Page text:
Monday, September 27, 2010

Rethinking Pythagorean Winning Percentage

Baseball-reference.com describes Pythagorean winning percentage as "an estimate of a team's winning percentage given their runs scored and runs allowed. Developed by Bill James, it can tell you when teams were a bit lucky or unlucky." Click through for the formula.

An example is the 2009 Washington Nationals. The team finished 59-103. However, the Nationals scored 710 runs while allowing 874 runs, so their Pythagorean W-L is 66-96. The Baseball Reference folks would thus argue that bad luck cost the Nats 7 wins, which is a substantial number in comparison to their actual number of wins.

However, while winning is a function of runs scored and runs allowed, runs in the late innings are also partially a function of runs in earlier innings. Your team's run expectations in a given inning are highly sensitive to what's happened earler in the game.

Consider a game where your team is tied in the top of the seventh. And another where you're losing (or winning) by 10 runs. On average, you'll score more runs in the latter scenario, because both teams will insert inferior relief pitchers, saving their star bullpen guys for another day. Hell, they might even have a position player pitch. Losing by 15 or 5 is just as bad as losing by 10, so it makes sense to conserve baseball resources, even at the expense of the final score in a hopeless game. Any cheap runs you score in such situations won't do much to improve your winning percentage, but Pythagorean winning percentage has no way to account for this.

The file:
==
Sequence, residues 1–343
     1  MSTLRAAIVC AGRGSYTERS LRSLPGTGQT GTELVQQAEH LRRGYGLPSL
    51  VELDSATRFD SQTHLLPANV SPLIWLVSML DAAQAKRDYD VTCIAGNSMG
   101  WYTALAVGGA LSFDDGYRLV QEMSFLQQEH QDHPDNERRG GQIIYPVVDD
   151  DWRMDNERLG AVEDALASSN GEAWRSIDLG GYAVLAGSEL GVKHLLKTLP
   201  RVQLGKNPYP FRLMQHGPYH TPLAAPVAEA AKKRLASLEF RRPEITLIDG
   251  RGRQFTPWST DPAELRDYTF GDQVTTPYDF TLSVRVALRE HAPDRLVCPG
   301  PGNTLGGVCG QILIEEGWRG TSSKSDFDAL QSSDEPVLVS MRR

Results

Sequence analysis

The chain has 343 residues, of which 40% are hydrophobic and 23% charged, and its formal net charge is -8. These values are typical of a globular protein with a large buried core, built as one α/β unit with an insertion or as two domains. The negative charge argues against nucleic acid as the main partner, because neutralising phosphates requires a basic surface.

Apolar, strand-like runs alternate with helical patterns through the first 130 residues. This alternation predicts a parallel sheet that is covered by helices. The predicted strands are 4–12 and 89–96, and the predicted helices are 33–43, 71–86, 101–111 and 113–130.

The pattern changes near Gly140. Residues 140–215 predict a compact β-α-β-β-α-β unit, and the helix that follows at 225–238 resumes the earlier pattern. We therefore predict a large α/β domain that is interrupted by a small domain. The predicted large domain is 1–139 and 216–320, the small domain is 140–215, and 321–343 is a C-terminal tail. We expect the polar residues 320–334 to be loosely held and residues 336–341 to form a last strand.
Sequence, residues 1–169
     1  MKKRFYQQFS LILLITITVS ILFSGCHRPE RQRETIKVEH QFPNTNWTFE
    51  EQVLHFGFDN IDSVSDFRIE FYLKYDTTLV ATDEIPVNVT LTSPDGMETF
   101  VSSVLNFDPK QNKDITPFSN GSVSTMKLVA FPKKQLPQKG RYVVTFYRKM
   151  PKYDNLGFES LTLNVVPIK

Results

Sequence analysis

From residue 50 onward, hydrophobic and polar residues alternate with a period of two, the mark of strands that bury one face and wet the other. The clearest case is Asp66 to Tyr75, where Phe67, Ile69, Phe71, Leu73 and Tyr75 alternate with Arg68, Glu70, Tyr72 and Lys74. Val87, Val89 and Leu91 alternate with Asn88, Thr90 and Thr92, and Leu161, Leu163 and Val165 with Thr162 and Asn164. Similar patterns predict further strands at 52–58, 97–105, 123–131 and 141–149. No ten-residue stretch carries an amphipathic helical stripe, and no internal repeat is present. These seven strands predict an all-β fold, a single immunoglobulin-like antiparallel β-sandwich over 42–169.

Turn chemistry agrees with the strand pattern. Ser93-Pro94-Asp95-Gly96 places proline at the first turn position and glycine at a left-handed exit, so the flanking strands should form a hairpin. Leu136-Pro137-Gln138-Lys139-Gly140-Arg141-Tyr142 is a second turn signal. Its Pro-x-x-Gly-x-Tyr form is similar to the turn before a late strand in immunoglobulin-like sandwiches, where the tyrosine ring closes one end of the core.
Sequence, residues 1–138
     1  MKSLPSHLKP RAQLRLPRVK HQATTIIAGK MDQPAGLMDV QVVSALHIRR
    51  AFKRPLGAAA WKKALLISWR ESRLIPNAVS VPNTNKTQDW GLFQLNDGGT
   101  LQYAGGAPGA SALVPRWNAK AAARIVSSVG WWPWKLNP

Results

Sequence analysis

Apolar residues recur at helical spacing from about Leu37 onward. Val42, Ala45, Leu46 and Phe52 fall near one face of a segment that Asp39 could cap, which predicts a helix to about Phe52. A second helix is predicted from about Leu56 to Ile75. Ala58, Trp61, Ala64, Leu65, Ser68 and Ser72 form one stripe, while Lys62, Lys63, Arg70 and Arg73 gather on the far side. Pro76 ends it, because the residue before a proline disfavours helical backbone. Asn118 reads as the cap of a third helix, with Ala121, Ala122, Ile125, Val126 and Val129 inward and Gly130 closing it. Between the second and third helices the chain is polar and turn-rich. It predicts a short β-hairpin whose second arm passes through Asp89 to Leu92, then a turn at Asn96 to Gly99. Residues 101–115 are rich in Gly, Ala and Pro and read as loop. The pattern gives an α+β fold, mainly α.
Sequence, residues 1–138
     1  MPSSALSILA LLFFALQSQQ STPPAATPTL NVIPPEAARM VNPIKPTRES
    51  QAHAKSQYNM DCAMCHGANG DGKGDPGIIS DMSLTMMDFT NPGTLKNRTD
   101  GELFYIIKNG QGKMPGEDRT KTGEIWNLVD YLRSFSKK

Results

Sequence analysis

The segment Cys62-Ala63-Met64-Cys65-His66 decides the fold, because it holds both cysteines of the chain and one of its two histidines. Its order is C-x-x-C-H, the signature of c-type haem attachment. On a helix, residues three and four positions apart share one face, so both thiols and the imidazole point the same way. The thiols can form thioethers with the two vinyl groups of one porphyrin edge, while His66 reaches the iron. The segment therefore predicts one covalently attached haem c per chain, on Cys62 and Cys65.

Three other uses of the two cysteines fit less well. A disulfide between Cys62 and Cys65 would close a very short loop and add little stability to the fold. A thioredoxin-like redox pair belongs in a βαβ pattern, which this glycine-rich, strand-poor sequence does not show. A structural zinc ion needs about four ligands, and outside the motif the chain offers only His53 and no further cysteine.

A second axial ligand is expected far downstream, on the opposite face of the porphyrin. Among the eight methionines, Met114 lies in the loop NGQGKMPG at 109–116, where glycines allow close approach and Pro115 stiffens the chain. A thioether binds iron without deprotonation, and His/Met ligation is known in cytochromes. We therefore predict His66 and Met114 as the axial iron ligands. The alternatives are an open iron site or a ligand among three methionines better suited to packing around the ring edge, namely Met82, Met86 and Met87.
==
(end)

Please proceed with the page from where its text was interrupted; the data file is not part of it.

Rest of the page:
On the other hand, in a tied game, the other team will do everything possible to prevent you from scoring, because a run or two could mean the ballgame.

Of course, teams also conserve offensive resources in blowouts. Pinch runners and defensive replacements often swap in for the likes of Adam Dunn or Barry Bonds. I suppose it's possible a weaker offense could offset the effect of inferior pitching, or even trump it.

Additionally, batters could be trying less hard in blowouts, just wanting to get the game over with, but I don't think there's any evidence to support this (why not pad your batting average against bad pitchers?).

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